Failure to respond to emergencies can leave your organization with negative public perception problem. To ensure that air ambulance services are always available throughout the year, it is necessary to make arrangements to be available throughout all weather conditions. Also, medical staff needs to be on standby at all times, even though this means additional overheads. Most air ambulance companies overcome this problem by transferring this overhead costs to the end consumer. However, the wisest thing to do is introduce memberships for nominal fees. Efforts must be made to remain ‘in coverage’ of insurance networks so that reimbursements are seamless.

Acquiring Air Ambulance Fleet and Keeping the Staff Well Trained

Air ambulance industry demands seasoned, qualified professionals and it’s hard to find people who fit this criterion. Plus, there is the issue of ongoing training to the staff. Accredited training organizations must be looped in to meet this challenge. Lack of ongoing training can impact the quality of services immensely.

Medical Flights and Physician Training

Being a physician in fixed-wing medical flights is no small task. Being responsible for a patient in an intensive care unit setting, hundreds of feet above the ground while he battles for life can be quite daunting. What compound the gravity of the situation are the limited resources at the disposal of physicians manning the medical flights. It’s only the world- class training and a cool, professional head on the shoulders that comes to aid in situations like this, day in and day out. Here, we describe some of the training requirements that are typically needed.

Initial Training for Medical Flights

Well, the training starts even before one applies for the job. The training is a little different from the one that you receive in hospitals. You need to be adept in working with limited resources. Also, it is important to understand that problems that one can face up in high altitudes. Gas pockets within the body and limited oxygen are just some of those. Training is optional in some regions but in others, they are absolutely mandatory. The documentation of such training might needed to be vetted by organizations like National Accreditation Alliance for Medical Transport Applications. The training, however, can be obtained through organizations like European Aero-Medical Institute or Commission on Accreditation of Medical Transport Systems.

Keeping the Skills Current for Medical Flights is Vital

Some skills are more important than others, like the ability to intubate a patient quickly. Yearly ALS refresher courses are expected to be in place by most medical flight companies. Since, hospitals often see critical patients, experience handling them in emergency settings is considered an added advantage by most air ambulance companies.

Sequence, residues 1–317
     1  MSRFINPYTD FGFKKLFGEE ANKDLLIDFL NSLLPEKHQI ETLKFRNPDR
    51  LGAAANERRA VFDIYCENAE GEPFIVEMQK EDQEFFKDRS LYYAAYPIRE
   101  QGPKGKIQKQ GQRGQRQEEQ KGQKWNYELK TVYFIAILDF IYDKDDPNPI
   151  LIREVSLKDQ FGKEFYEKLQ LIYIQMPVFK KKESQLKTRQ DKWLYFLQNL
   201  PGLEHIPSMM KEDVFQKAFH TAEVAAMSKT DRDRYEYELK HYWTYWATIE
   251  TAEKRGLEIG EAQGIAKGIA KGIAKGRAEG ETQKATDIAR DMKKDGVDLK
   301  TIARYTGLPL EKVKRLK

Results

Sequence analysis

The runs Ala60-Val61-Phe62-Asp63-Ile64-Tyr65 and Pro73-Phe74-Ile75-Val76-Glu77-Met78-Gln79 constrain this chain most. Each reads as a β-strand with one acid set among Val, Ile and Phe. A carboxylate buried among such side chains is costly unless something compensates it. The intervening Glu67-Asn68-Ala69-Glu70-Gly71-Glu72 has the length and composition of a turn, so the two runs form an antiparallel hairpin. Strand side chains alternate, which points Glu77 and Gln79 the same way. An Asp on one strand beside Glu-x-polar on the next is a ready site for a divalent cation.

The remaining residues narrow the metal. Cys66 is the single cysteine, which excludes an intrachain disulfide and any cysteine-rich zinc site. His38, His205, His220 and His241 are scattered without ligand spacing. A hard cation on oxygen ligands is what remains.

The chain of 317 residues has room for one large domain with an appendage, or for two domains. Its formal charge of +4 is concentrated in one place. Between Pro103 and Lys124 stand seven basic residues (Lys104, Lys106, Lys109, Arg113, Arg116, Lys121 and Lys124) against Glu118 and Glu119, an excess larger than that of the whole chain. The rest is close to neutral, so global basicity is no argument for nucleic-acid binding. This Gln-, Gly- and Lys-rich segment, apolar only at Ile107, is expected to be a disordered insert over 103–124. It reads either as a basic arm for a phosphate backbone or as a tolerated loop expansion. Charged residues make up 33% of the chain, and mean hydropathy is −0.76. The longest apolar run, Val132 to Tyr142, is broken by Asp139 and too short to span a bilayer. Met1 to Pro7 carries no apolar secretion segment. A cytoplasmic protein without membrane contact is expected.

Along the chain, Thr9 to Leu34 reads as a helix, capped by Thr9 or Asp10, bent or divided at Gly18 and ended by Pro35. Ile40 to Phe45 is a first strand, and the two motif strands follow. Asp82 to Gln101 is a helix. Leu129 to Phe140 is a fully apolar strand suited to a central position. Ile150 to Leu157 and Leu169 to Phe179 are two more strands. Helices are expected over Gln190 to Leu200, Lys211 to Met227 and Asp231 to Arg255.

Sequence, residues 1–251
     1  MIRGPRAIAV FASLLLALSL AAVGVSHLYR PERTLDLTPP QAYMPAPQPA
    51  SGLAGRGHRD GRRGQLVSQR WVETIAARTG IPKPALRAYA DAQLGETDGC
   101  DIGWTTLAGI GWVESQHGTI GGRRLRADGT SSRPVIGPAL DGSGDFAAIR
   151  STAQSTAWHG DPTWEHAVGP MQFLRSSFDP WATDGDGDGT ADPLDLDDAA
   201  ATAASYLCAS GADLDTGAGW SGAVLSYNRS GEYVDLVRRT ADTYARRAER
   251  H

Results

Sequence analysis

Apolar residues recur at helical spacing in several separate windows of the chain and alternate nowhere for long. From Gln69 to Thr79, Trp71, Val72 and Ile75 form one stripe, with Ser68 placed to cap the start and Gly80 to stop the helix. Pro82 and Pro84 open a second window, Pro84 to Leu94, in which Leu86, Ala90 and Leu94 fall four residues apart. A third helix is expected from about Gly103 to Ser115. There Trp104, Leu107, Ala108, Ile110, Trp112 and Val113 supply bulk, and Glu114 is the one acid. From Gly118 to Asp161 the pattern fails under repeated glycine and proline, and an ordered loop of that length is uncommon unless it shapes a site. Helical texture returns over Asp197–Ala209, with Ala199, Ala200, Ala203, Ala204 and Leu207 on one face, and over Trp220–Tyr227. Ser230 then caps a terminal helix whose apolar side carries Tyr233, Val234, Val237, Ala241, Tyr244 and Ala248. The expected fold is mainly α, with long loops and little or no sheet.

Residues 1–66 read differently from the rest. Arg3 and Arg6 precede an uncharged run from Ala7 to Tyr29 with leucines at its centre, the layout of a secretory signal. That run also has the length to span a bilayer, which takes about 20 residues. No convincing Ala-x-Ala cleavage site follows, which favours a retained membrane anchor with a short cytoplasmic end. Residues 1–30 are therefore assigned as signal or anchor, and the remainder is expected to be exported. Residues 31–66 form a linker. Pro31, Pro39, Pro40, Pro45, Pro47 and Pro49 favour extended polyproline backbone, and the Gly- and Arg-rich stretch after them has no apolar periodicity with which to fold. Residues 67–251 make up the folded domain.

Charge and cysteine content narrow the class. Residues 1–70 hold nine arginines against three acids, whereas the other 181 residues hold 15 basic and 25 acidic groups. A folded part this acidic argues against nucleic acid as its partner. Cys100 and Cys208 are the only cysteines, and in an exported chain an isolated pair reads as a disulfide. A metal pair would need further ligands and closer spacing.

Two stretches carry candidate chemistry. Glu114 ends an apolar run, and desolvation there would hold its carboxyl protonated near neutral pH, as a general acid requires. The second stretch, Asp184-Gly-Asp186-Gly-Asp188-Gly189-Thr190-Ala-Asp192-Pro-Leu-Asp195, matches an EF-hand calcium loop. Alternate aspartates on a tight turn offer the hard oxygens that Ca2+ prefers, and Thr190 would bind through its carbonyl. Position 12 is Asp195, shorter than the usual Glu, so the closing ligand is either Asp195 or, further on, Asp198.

Ongoing Training for Full-Time Professionals on Medical Flights

Most of the reputed air ambulance companies offer their medical staff ongoing training. While some of this training is conducted in-house, others  may be outsourced to external agencies that are accredited. In all, these efforts and checks are put in place for the safety of both the medical flight professionals and the patients under their care.

 

A Guide to Air Blocks on Medical Flights

The study of aviation physiology is quite extensive. On diving deep into this subject, it becomes apparent that air blocks are major factors that bring about physiological changes in relation to altitude. To say that principles of aviation physiology hold good for medical flights too is stating the obvious. In this guide, we highlight some of the very common air blocks. These must be considered every time a person opts for a flight, pressurize or unpressurized.

Ear Blocks on Medical Flights

The symptoms primarily start as a feeling of fullness; however, the symptom may take a slightly painful turn in higher altitudes and ultimately lead to vertigo. The solutions though are pretty simple:  yawning, swallowing and Valsalva are quite effective.

Sinus Blocks on Medical Flights

There can be two types of sinus blocks. The first type is maxillary sinus block. This is characterized by sharp pain beneath the cheekbones as well as upper dentition. The second type is frontal and is characterized by severe pain under the eyebrow as well as eye corners. The best remedy for this is Valsalva maneuver.

Gastrointestinal Tract Blocks on Medical Flights

Our digestive system can hold a lot of trapped gas. When a person travels on a high-altitude medical flight, this collection of gas can lead to physiological changes in the gastrointestinal tract causing discomfort and sometimes, slight pain. Belching and flatus can provide instant relief.

Tooth Blocks on Medical Flights

This is not the most common air block on medical flights; however, these can be quite painful and irritating. Sometimes, the natural gaps within teeth and gaps that occur due to dental procedures can retain air and act like bubbles. These air blocks can cause pain at high altitude. There is no immediate remedy for this condition. It is advised that the patient visit a dentist upon landing.